Islanders Stay on the Island

The image above is a satellite picture of the lower portion of mainland New York and Long Island. The stars represent major pro sports arenas in New York State, excluding Ralph Wilson Stadium in Buffalo. If you know basic geography, you can identify which one is Yankee Stadium, Citi Field, Madison Square Garden, Barclays Center and Nassau Veterans Memorial Coliseum. The Nassau Coliseum will soon be removed from this map, as the Islanders and owner Charles Wang have announced that they will not return to Nassau County when their lease is up in 2015, and will play at the Barclays Center in Brooklyn until at least 2040.

This has been a major issue in sports and New York for a long time, and from a sports viewpoint, it is relieving to see that the issue is behind the Islanders and their fans. The decision to leave Nassau and move to Brooklyn has been a long time coming, dating back a few years when The Lighthouse Project faded into oblivion, and it became very unlikely that the Islanders would remain at their current address. There was a half-hearted effort to publicly fund a new arena last year, but Nassau County residents voted it down. The Islanders set up an exhibition with the Devils at the Barclays Center that was cancelled due to the current NHL lockout, and the writing was on the wall that the Islanders had hoped to call Brooklyn home. That hope came true with this announcement.

From a Nassau county point of view, this means two things: They will not have their extremely high taxes raised again, and they will no longer have a destination for sports, concerts and other shows like Disney on Ice and the circus. These shows have long been a staple of family life in the tri-state area; I certainly attended some of these shows as a kid at the Continental Airlines Arena (now Izod Center, another building with no tenant) and Madison Square Garden. That will no longer exist in Long Island, and families in Nassau and Suffolk counties will have to rely on New York City venues, with the higher prices and tough commutes and everything else that comes with it.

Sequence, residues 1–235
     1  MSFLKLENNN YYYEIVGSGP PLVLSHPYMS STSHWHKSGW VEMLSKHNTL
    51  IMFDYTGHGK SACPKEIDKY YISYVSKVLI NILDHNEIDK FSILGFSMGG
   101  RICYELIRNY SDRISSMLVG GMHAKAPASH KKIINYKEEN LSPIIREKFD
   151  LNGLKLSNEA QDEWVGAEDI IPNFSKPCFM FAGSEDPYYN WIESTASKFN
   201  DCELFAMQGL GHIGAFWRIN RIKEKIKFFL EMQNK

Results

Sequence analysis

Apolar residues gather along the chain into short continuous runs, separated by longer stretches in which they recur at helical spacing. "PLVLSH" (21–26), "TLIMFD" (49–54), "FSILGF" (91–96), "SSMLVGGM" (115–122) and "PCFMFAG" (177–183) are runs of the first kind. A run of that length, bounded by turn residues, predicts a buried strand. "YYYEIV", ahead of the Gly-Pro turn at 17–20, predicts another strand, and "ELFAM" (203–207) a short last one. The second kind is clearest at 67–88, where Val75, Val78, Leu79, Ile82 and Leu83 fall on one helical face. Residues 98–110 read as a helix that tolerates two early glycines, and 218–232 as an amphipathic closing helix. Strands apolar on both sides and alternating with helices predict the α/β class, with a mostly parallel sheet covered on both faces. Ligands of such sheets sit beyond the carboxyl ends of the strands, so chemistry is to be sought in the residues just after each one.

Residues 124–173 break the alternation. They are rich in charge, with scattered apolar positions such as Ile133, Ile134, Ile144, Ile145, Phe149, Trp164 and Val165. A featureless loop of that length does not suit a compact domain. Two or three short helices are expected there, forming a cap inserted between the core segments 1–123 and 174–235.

Parents on Long Island talk constantly about how easy it is to bring young children to games at the Coliseum. One caller into the Mike Francesa show on WFAN described a commute to the Coliseum as a 25 minute drive that gets the kids home before 11, as opposed to a 45-minute or more train ride into Brooklyn, and everything that comes with public transportation. This will have an impact on the Islanders, and we will see a much younger crowd coming to games, with a lot less families filling the seats. Less families generally translates to less season tickets, less legacy fans and a much more raucous fanbase. That is something the Islanders will have to take with the new building.

Though I talk about the inevitability of the Islanders moving to Brooklyn, it’s important to remember what Barclays Center director Bruce Ratner said at the press conference. “Charles Wang is the real hero today.” Wang had the opportunity to take the team out of New York to multiple markets, including the apparently hockey-starved market of Kansas City and many different cities in Canada that would love an NHL team. But to Wang, the Islanders are as important to New York as New York is to the Islanders.

It is a culturally important thing to Wang, the Islanders fan and the team to keep them in New York, which after a lot of headache, hard work and battles, he managed to do by moving them to the west end of the island, at the corners of Atlantic and Flatbush Avenues. Oddly enough, this is the same intersection that NYC planner Robert Moses would not let the Dodgers move to, citing Flushing Meadows Park as a much better location for a stadium. Today, the Mets have built their new home, Citi Field, on the site of Shea Stadium near Flushing Meadows Park, and the Nets and now Islanders are setting up shop across the street from the proposed Dodger Dome.


About jgweiss

Trying to find a job, trying to start a blog.
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